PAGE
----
Yes, the rear has long shocks. I think I did 14.5" rear shocks from mikesxs (stock is like 12.5"). It jacked the tail WAY up which is what I wanted. The stock stance is almost like a cruiser. Steering is VERY responsive now; it turns in quick. I have a 35" inseam and the bike is no longer low. I can still flat foot it, but I'm about at my limit with the current seat on it. I had to have the kickstand lengthened. It was nearly sideways on the stock one and it's too high to use the stock center stand.

    I made both of the "fly screens" myself. The first, rounder one, was made out of fiberglass. I modeled it right on the headlight out of cardboard. I just coated everything in aluminum tape and car wax first.

    The second fly screen is made out of the rear fender from my Ninja 500. I needed something to fill the big gap between the lowered headlight and the smaller gauges. It was weird. I had cut the fender off my ninja and the piece that came off fit PERFECTLY. All I did was clean it up a little.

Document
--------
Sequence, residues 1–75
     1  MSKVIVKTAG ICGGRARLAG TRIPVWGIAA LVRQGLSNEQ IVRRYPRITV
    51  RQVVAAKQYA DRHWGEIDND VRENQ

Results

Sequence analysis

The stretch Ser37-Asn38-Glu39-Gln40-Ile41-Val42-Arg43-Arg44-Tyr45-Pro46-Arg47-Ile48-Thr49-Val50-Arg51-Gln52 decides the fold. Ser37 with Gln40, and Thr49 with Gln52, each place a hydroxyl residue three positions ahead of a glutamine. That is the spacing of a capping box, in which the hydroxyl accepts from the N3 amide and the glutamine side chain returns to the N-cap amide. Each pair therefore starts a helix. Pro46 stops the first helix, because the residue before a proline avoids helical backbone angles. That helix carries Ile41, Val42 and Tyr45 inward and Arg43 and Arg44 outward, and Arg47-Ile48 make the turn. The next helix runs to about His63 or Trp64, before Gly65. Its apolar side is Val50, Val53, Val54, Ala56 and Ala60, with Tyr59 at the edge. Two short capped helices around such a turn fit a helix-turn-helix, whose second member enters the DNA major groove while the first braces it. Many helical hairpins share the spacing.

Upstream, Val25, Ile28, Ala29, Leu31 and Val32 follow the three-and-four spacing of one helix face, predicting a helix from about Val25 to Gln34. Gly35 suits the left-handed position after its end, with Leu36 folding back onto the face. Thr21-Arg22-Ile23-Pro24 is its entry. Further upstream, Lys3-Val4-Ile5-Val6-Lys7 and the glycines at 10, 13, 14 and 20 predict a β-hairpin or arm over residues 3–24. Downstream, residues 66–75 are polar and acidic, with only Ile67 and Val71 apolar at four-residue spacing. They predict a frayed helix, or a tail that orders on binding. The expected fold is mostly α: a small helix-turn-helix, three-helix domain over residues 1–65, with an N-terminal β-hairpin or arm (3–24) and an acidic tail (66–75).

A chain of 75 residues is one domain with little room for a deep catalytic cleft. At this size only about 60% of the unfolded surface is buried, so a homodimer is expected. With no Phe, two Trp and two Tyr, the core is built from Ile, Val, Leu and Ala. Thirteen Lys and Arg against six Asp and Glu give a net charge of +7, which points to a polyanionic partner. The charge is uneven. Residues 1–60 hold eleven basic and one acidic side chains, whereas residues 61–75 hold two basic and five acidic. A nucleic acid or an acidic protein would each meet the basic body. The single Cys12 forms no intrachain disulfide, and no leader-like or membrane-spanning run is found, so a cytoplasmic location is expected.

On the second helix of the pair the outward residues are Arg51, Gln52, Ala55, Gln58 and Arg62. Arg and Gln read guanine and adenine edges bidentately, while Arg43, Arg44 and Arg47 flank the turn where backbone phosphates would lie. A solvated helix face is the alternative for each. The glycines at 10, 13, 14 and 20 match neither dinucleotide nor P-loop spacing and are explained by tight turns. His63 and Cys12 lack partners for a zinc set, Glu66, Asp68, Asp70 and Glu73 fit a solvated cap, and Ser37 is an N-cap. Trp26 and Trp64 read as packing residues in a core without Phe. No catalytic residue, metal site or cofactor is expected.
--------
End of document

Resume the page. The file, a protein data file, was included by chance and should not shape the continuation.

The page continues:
11. Sesty

    Sesty H.E. Pennypacker

    i was going to say it looked like u lowered the front! the lower headlight and raised tail end give it a cool stance!
     
  12. bcware

    bcware Well-read Top Contributor

    Yes, I tried to flatten the bike out (raise the rear and lower the front). The front forks are indeed at stock height; as high as they will go. I wanted to get the headlight at the same height as the gas tank.

    At some point I may switch to clip-ons and rear-sets, but that is not in the immediate future as it will require more extensive modification to make it "right."

    I'm thinking about a crazy paint job this season.
     
  13. bcware

    bcware Well-read Top Contributor

    More new toys came in. Also, ultra dark and shitty teaser pic of the roughest test fit I've ever fitted.
     

    Attached Files:

  14. bcware

    bcware Well-read Top Contributor

    I need some advice on fitting this new seat. I made a video because it's easier than trying to describe the problem in words. Let me know what you think!